2. The name by which they were described - the children of Israel. God had said to Jacob (Genesis 32:28), "Thy name shall be called no more Jacob, but Israel," and yet down to the end of his life he is sometimes called Jacob and sometimes Israel, as if to keep before our minds both his natural character and also his new position and privileges gained in the memorable wrestling at Peniel. These twelve men, the fathers of the tribes, were children of Israel as well as sons of Jacob. Jacob himself had done many things to show the meanness and corruption of fallen human nature, and his sons had been not one whir better than himself (consider the revengeful action of Simeon and Levi in Genesis 34:25; the conduct of Reuben in Genesis 35:22; and especially the conduct of the brethren towards Joseph and the father who so doted upon him). But these sons of Jacob, with all their personal demerits, were also the children of him who by his sublime, persistent, courageous, and successful struggle had gained the name of Israel. It was a name to be transmitted from them to their children, full of significance, recalling a glorious experience in the past and promising a still more glorious experience in the future. It was a name not to be forfeited even in the greatest apostasies, and perhaps its chief splendour lay in this, that it pointed forward to a still more glorious fatherhood enjoyed by those who through the gracious work of him who taught Nicodemus concerning regeneration, are permitted to say, "Now are we the children and heirs of God."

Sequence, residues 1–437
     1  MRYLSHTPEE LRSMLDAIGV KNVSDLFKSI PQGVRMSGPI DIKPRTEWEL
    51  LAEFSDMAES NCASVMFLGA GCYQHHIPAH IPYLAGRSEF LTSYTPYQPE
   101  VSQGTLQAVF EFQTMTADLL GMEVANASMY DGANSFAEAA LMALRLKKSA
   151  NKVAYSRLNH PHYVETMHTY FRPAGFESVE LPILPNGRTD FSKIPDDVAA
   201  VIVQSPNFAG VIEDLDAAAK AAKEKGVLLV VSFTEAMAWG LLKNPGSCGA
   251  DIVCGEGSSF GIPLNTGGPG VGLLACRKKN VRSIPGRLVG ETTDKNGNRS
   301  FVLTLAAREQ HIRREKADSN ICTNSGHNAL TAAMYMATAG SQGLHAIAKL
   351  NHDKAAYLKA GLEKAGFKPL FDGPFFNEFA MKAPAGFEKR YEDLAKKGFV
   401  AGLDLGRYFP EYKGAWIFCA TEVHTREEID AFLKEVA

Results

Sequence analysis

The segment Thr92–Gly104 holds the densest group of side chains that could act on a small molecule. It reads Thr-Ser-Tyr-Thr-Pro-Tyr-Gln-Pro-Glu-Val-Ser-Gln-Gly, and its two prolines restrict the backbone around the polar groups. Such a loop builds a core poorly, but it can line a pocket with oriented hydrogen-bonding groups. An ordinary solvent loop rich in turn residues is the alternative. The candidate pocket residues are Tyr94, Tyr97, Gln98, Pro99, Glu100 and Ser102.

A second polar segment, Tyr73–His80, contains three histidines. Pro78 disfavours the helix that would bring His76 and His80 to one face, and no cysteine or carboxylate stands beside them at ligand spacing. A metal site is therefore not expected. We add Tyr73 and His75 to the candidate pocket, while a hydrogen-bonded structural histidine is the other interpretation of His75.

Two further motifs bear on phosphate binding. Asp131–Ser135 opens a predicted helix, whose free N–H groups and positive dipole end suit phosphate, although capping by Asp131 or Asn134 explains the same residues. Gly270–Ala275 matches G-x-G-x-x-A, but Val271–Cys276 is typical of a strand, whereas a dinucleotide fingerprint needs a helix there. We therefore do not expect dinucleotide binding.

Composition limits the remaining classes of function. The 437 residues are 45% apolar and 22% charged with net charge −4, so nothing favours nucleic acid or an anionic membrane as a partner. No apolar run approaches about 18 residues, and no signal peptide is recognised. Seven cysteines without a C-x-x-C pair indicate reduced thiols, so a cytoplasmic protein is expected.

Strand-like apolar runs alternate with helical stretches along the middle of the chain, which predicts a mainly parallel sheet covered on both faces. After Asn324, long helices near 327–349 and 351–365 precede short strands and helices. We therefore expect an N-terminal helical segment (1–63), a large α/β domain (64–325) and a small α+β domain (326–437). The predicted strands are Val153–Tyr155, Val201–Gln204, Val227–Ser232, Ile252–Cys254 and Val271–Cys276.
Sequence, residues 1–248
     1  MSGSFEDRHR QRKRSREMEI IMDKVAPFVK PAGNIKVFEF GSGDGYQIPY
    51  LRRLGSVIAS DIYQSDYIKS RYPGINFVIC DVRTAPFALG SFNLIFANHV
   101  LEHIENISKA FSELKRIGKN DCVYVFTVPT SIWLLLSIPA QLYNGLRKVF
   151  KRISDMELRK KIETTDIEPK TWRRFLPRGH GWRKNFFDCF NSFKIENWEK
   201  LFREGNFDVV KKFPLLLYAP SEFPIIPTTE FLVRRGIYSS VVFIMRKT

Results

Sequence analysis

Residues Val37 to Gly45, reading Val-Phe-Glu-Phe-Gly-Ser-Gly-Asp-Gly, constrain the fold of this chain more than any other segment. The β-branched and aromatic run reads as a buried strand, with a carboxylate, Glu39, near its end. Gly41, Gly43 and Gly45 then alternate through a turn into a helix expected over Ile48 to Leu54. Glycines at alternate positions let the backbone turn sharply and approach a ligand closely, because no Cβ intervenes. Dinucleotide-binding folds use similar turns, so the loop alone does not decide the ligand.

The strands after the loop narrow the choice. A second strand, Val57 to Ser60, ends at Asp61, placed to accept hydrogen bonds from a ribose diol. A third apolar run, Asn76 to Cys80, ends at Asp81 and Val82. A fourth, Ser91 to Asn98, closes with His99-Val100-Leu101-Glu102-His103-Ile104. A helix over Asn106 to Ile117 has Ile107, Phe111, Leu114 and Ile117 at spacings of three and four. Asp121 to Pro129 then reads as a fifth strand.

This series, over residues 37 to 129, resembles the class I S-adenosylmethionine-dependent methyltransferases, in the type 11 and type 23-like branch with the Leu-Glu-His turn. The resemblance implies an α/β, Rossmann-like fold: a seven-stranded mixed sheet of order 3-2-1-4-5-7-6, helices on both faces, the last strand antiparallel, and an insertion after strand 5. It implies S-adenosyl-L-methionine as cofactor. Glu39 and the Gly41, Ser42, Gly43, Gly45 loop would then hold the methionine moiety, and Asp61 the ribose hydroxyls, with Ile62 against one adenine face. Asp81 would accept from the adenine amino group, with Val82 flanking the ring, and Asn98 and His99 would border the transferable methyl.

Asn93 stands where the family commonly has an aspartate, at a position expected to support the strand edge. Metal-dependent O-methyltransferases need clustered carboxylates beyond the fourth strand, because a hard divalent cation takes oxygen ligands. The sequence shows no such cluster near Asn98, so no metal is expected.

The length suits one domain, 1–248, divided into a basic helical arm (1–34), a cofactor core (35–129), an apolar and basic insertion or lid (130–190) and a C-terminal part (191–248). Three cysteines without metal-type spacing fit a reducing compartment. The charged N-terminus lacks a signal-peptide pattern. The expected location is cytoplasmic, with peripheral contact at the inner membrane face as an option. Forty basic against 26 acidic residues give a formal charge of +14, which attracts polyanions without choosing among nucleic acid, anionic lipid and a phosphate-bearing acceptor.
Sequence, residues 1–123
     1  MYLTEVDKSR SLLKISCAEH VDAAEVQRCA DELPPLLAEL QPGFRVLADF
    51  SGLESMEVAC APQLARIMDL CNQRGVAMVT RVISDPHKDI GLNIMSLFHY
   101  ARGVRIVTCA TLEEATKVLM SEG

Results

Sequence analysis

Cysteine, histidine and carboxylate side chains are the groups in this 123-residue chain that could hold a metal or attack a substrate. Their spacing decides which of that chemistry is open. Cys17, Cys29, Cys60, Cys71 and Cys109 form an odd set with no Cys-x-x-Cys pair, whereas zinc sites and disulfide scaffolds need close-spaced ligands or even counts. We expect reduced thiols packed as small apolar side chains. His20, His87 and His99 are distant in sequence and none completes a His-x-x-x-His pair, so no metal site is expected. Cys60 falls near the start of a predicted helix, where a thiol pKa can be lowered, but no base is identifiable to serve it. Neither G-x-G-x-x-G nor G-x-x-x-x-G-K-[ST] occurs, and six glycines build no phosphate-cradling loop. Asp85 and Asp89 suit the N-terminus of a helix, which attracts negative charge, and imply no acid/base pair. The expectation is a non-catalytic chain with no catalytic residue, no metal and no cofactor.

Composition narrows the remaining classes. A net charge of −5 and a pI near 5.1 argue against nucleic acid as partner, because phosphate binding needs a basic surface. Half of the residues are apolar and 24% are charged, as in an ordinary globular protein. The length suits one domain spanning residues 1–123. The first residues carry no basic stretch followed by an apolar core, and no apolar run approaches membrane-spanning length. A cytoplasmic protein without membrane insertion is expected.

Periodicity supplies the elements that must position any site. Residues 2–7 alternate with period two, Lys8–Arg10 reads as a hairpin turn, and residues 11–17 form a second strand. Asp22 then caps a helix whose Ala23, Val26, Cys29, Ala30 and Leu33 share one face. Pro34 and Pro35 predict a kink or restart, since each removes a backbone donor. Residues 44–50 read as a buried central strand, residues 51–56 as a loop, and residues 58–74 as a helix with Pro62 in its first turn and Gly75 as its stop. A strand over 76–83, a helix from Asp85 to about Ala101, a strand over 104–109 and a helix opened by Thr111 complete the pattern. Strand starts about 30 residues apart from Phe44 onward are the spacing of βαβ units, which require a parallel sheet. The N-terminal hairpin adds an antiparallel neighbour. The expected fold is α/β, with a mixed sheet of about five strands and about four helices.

3. The apprehensive attitude of Pharaoh. He is a witness to the greatness of Israel's prosperity, and to the Divine and miraculous origin of it, all the more valuable because he gives his evidence unconsciously. The more we consider his unaffected alarm and his continuous and energetic efforts to crush Israel, the more we feel what a real and Divine thing Israel's prosperity was, how it was nourished by the secret and unassailable strength of God. It should be a matter of great rejoicing to God's people when the world, in its hatred, suspicion, and instinctive sense of danger, takes to the instruments of persecution, for then there is unmistakable indication of prosperity within.